Tag Archives: commonsense

Who are They?

13 Apr

I’ve skied off the top of a mountain attached to a parachute.  Not recently, but I’ve done it.

I’ve gone trekking in Nepal with a group of people I’d never met before.  Not recently, but I’ve done it.

I’ve changed career, drastically, despite being well settled.  Not recently, but I’ve done it.

I’ve moved from a small village to live in London for a job – which turned out not to be the job I thought it was, but I stayed anyway.  Not recently, but I’ve done it.

I’ve moved house, job and county for love; I’ve stayed up all night talking, dancing and laughing because I was having fun; I’ve kissed someone out of the blue just because we both felt it needed to be done; I’ve  challenged people because I felt it was the right thing to do; I’ve tried to run on stage at a concert because I was dared; I’ve bought a run down old bakery in another country, because I had a vision; I’ve sung rugby songs in a remote, foreign bar during a power cut with a group of Australians, because we were glad we were alive.   All these things I’ve done, not recently, but I’ve done it.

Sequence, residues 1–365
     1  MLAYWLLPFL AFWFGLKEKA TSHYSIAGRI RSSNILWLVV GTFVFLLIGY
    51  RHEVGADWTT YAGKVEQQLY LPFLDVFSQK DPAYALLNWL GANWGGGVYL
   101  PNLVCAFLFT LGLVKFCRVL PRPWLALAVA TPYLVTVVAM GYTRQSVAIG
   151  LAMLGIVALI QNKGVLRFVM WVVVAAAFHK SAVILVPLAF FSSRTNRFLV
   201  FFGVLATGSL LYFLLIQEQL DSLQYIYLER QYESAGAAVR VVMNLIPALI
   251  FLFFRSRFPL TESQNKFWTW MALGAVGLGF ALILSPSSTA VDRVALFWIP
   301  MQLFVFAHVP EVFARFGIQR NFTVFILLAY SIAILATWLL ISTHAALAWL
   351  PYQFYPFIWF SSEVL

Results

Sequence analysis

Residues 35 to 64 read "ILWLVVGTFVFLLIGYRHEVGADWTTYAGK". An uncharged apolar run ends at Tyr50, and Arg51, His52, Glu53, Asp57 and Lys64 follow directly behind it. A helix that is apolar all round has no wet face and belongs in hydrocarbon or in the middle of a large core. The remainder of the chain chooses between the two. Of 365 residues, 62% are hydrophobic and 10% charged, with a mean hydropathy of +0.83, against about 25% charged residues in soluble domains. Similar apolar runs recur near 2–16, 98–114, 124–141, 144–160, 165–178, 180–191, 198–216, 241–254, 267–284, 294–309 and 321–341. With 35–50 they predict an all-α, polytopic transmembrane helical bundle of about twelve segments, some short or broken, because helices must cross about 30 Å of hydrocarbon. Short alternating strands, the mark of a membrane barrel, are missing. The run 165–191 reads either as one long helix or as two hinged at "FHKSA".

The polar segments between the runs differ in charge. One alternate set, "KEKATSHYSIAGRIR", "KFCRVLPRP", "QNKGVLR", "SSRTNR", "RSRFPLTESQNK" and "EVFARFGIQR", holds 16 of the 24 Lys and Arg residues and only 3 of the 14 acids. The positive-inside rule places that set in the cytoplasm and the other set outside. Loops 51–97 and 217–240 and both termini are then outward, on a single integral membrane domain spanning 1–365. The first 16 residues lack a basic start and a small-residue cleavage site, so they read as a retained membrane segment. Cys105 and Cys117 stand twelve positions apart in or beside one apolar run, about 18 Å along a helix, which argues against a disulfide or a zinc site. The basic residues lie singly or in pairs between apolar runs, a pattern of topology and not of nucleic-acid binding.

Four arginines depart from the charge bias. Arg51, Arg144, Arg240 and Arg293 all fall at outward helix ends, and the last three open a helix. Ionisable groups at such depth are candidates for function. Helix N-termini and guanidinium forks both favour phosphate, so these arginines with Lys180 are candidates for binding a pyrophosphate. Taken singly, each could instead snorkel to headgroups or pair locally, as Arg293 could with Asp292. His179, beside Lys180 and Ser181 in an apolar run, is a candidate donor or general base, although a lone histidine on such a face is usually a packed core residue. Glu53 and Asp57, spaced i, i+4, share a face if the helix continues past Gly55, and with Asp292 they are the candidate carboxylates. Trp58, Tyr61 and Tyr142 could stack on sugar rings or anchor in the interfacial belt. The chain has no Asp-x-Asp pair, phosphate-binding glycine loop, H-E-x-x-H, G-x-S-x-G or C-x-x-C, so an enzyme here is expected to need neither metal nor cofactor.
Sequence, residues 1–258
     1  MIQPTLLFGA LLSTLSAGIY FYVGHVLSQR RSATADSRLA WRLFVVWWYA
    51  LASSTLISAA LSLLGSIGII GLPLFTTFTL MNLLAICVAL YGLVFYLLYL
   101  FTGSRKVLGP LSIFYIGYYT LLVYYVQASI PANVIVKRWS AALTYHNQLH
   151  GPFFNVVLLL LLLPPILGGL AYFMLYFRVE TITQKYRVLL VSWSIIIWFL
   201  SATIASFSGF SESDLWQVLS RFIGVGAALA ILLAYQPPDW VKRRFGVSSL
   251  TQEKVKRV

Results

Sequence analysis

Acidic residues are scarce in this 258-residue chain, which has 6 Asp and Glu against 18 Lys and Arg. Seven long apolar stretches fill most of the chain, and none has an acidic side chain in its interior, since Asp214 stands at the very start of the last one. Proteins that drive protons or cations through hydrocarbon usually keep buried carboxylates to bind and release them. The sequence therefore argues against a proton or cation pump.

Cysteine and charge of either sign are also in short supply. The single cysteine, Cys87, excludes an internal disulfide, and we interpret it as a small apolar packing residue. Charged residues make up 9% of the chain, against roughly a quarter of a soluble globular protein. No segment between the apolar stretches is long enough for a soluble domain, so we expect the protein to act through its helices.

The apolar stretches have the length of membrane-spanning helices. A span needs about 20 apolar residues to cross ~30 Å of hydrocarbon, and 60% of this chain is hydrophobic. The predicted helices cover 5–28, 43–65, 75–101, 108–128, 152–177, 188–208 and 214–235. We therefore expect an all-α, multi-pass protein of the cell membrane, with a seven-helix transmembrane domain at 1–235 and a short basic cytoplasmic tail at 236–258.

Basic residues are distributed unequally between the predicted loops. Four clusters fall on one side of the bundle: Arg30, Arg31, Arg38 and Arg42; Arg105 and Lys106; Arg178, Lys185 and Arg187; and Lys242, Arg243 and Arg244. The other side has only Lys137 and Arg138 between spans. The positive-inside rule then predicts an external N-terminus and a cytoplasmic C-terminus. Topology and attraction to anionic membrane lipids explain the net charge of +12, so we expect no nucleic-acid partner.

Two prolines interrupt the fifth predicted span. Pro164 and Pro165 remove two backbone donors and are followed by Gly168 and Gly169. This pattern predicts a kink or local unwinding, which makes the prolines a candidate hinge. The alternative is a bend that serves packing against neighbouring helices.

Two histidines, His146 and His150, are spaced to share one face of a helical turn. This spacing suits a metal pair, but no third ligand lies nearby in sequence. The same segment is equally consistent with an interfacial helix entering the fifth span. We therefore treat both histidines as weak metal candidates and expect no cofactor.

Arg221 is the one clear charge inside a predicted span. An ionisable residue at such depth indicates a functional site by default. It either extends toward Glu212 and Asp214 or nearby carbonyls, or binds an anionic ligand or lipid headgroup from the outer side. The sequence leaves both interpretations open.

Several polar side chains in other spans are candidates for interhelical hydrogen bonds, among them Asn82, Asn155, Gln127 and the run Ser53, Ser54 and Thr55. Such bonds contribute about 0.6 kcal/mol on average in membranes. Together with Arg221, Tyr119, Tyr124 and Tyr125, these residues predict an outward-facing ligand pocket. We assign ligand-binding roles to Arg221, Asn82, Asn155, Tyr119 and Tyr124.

Not recently.

When did I stop being fearless?  When did I start worrying about what People would think?  When did I get scared that I wasn’t clever enough, or pretty enough, or strong enough, or grown up enough, or interesting enough or any of the thousand of things that run through my head when I think of taking a risk or accepting a challenge?  Who are They, anyway?  The People that make up the jury that I seem to think is sitting judgement on everything I do or say.  These imaginary People who sit in my head and question everything, always looking at what the worst that could happen might be.  Why do I care what They think?